3 Organizations Take Up Where ACORN Left Off
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The story of ACORN's sudden and precipitous fall is famous: McCain-Palin’s viciously overblown accusations of voter fraud in 2008; the Republicans' unrelenting post-election animosity; the notorious sting videos; and finally, the defunding and discrediting of the organization. No matter that ACORN was proved innocent of any illegality in the “pimp” affair, that a federal judge declared defunding ACORN unconstitutional, and the Congressional Research Service found no evidence of voter fraud.
The manufactured scandals that destroyed the Association of Community Organizations for Reform Now --ACORN -- are well known, but fewer people understand what the organization actually did. Established in Arkansas in 1970, it built a vast network of chapters in impoverished neighborhoods in over 100 cities, with hundreds of thousands of dues-paying members, and over 1,000 staffers. Unlike most community organizing groups, ACORN built power on a national level, coordinating the efforts of state and local to push for changes in D.C. It used this leverage to raise the wages of low-income workers through minimum- and living-wage campaigns, restrict or ban predatory lending practices, defend labor rights, keep homes from foreclosure, and register low-income voters.
When conservatives successfully dismantled ACORN, a powerful voice for the disadvantaged was lost on the national, state and local levels. Although no other community organizing group has ACORN’s size or power, there are still many organizations that perform similar works.
“There are quite a few grassroots organizing groups and networks around the country, but no single branded group like ACORN,” says Deepak Bhargava, executive director of the Center for Community Change. “There are the seeds of a poor people’s movement in the country again, more today than in a number of years.”
Here are three examples of such groups. You’ve probably never heard of most of them, as they receive scandalously little media attention. But their work proves that community organizing did not die with ACORN.
National People’s Action (NPA) is a mid-sized group of 200 organizers with a fierce reputation for direct action. It has a national presence (it has suffered attacks from Glenn Beck) and a multi-state presence that it's used to push two main goals: Financial reform and preventing foreclosures.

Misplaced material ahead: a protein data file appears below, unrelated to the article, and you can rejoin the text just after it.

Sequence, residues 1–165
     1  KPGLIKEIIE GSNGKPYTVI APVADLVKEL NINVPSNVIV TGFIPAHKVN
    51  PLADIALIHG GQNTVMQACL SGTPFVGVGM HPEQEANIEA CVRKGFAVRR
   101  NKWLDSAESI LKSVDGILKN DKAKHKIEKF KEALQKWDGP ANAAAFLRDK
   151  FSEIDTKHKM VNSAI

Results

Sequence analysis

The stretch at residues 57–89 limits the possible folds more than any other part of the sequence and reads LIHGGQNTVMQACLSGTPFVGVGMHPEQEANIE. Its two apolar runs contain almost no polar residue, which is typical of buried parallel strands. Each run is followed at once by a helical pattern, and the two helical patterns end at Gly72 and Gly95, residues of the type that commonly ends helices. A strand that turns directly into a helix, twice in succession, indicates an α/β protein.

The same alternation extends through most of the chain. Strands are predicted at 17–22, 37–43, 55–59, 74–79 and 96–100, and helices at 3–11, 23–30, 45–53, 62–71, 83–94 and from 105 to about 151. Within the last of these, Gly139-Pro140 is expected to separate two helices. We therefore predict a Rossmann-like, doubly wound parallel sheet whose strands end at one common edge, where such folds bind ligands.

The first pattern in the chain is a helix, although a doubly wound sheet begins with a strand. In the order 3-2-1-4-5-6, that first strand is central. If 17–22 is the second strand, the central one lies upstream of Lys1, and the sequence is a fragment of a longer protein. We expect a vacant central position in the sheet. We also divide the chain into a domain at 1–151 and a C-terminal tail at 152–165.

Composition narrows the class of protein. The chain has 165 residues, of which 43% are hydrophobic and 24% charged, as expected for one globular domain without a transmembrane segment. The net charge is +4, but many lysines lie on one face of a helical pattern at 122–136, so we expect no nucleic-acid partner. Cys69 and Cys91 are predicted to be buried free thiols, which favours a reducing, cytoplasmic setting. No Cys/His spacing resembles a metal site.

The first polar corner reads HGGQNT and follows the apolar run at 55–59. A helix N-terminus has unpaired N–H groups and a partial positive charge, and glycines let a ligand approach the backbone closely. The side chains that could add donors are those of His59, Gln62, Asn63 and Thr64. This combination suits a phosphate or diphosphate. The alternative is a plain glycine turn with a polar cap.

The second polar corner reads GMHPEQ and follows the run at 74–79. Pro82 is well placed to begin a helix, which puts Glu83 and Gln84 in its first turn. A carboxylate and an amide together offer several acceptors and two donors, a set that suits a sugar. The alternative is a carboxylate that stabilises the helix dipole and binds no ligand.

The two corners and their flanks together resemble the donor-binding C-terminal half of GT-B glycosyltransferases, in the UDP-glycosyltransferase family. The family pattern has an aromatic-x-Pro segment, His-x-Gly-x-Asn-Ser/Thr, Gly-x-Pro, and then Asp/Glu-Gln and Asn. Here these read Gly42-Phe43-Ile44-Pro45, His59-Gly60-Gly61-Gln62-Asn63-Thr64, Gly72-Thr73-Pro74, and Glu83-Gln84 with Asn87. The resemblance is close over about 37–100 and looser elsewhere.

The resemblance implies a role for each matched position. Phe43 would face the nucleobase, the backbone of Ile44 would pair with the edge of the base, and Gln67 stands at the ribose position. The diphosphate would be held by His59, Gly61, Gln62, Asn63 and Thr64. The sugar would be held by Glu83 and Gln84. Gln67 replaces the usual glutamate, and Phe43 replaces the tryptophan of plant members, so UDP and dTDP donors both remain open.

“It was hard to advance justice when ACORN was here, now it’s even harder,” says George Goehl, executive director of National People's Action. “If ACORN was still around today, there would be a lot more people on the street pushing to hold banks accountable and keeping people in their homes.”
NPA is best known for its dramatic direct action campaigns. In 2009, it disrupted the American Bankers Association’s annual meeting. In 2010, it marched on Wall Street with the AFL-CIO and the NAACP in support of tough financial reform (300 of NPA’s members occupied JPMorgan Chase’s lobby). The “Showdown on K Street” halted traffic in D.C. and 700 activists rallied outside the house of Bank of America’s Gregory Baer. In 2011, NPA helped coordinate a protest at JPMorgan Chase’s shareholder meeting in Columbus, Ohio, where activists bridged the moat surrounding the massive office complex to challenge the bank’s regressive foreclosure policies.
But NPA’s emphasis on aggressive tactics doesn’t mean it isn't interested in substantive policy outcomes. The group frequently lobbies the Federal Reserve and even meets with Chairman Ben Bernanke.
“We’ve put a good deal of energy into trying to modernize the Community Reinvestment Act [ a 1977 law that requires increases low-income communities’ access to lending],” says Goehl. “That’s become a primary focus of our three meetings with Ben Bernanke. We’ve had nine townhall meetings with his staff and five official meetings with the Fed focused on modernizing CRA. Not the sexiest thing in the world, but it is an example of something moving forward during tough times.”